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Eye sight question

1821 Views 17 Replies 15 Participants Last post by  derek244
I haven't been to the shooting range in months now for medical reasons. :bawling: Well, first I had a shingles infection in my right eye back in late May. Don't ask me how. The docs said it was just one of those things. Why do some people get cancer and some don't? Just bad luck. Since then, I've had 4 surguries for retina separation. Still up in the air if I'll be able to see out of my right eye. Thing is, I'm right handed and right eye dominate. If my right eye problems should be permanent, should I lean to shoot left handed and shoot with my left eye or is it possible to shoot right handed and aim with just my left eye? :confused:
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Both are very real options. I've seen people shoot with their right eye while shooting left handed and vice versa. I also know a shooter that changed over completly. Where there is a will there is a way. Good luck.
 

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I'm right handed, left eye dominant. Before I knew any better I used to close my left eye and shoot with my right. Then I started closing my right eye and shooting with my left. Now I shoot with both eyes open holding the gun in my right hand in front of my left eye.

It might be easier to learn to shoot right handed left eye then to teaching yourself to shoot left handed. Put a little piece of tape on the right side of your shooting glasses that blocks the sights from view with your left eye closed. Keep you head up in a normal position and get in a good solid shooting position. Now move the gun in front of your left eye. I do this by turning my shoulders slightly to the left independent of my head and rest of my body. It will take some getting used to, but it might be easier then learning how to shoot with your left hand.
 

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It's not a major problem but you might just have to do what cross-dominent shooters do. There are three options:
1) Tilt your head so that the dominant eye is lined up with sights. Problem is that it skews perception somewhat because instead of your eyes being level, they are at an angle.
2) Close weaker eye which forces the other one to be dominant. This obviously reduces your field of vision somewhat and requires coordinating eye closure with sight alingment and it also reduces your depth of field.
3) Just move the gun over horizontally so that it's in front of the dominant eye. This is my preferred fix but the others work as well so just see what suits you best.

Any of the above will be substantially easier than learning to shoot wrong-handed (but it's still a skill that is well worth having)
 

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Yakko77 said:
I haven't been to the shooting range in months now for medical reasons. :bawling: Well, first I had a shingles infection in my right eye back in late May. Don't ask me how. The docs said it was just one of those things. Why do some people get cancer and some don't? Just bad luck. Since then, I've had 4 surguries for retina separation. Still up in the air if I'll be able to see out of my right eye. Thing is, I'm right handed and right eye dominate. If my right eye problems should be permanent, should I lean to shoot left handed and shoot with my left eye or is it possible to shoot right handed and aim with just my left eye? :confused:
First off, I am sorry to hear about your problem. If you are able to go to the range without further medical concerns, pick up an eye patch for your right eye, and practice with your normal grip and stance and train your left eye to become dominant.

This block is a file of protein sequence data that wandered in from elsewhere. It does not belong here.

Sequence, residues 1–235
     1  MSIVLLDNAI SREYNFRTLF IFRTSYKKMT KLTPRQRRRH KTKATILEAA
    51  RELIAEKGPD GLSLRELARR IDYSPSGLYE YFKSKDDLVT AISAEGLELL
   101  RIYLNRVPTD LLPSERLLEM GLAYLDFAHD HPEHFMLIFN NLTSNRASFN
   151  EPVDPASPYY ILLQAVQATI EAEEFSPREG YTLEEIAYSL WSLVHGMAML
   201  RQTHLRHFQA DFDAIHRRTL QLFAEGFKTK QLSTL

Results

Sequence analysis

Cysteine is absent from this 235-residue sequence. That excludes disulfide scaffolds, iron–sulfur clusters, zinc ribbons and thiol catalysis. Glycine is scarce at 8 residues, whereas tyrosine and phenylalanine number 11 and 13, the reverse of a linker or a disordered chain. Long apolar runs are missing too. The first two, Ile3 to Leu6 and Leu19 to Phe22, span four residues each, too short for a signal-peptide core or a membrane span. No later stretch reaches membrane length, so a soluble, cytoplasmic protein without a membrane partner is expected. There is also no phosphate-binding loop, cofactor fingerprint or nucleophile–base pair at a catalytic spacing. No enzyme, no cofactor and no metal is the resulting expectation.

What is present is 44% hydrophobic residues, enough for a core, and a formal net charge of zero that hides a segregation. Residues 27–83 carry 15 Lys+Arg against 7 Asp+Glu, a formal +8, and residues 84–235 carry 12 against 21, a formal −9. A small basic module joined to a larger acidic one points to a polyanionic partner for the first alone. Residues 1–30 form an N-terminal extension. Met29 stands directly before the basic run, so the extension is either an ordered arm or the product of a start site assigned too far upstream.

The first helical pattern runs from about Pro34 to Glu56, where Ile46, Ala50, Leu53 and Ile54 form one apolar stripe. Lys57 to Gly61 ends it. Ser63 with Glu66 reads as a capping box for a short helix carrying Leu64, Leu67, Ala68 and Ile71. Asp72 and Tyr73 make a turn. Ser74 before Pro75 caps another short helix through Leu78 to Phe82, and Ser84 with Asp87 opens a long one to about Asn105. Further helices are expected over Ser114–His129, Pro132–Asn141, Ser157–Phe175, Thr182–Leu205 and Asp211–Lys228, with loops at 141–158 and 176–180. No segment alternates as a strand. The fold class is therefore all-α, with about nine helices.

Depending on how long you have been shooting, it may take some effort to change your eye dominance, but after you acclimate to it, you should be just as good as you were prior to your problem.

I have several students who are Right Hand Master with Left Eye Dominant. It really isn't a big problem, and you will acclimate faster with this method than if you try and change your master side (i.e. Right hand to Left).

Good luck.

Bryan S .Williams
Williams Associates Protective Services, LLC
www.wa-protective.com
 

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Years ago the three things, rear sight, front sight and bullseye started to blur. I have a friend that is an optometrist that served as an ordnance officer. He made me a pair of target shooting glasses that made things clear out to 50'. Then the cataracts came, right eye the worse. I shoot left eye and right hand until the Doc says it's time to harvest the problem.
 

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Discussion Starter · #7 ·
Thank you everyone for the advise. When I am medically cleared and my eye heals enough from my most recent surgery, I will give everything you suggested a try. Till then...
 

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IIRC Matt Burkett has a blurb on this in either his tapes or his website. Just shift the gun 3" or so left in your grip and use your left eye. No need to crank your head over or anything like that.

I imagine laying your head over would be the solution if you use a weaver stance. For an isoceles type stance shifting the gun will be easy.
 

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Not to take this OT, but you said
I had a shingles infection in my right eye back in late May. Don't ask me how. The docs said it was just one of those things.
That's not quite true. Shingles is a form of the chickenpox virus. You obviously had chickenpox previously (most likely as a child; its' very serious if one contracts it as an adult). You recovered from it, but the virus remains in your system (dormant) permanently. You had contact with someone who had a "live" illness of chickenpox (I don't remember how long [3 days?? a week??] but within a short timespan), that contact 'revived' the dormant virus in your system. It takes the form of shingles, and you got the most serious 'version'. There are 3 locales where this can strike (and so far as we know, it is random)--the orbital nerve (as I recall it named), the ribcage (chest and back just below the nipple line), and the hip. As I recall, the locale is specific to one side of the body (that is to say, it will only develope on one side of the body per incident). Shingles can reoccur, unlike mumps, where the affliction is a once-in-a-lifetime experience.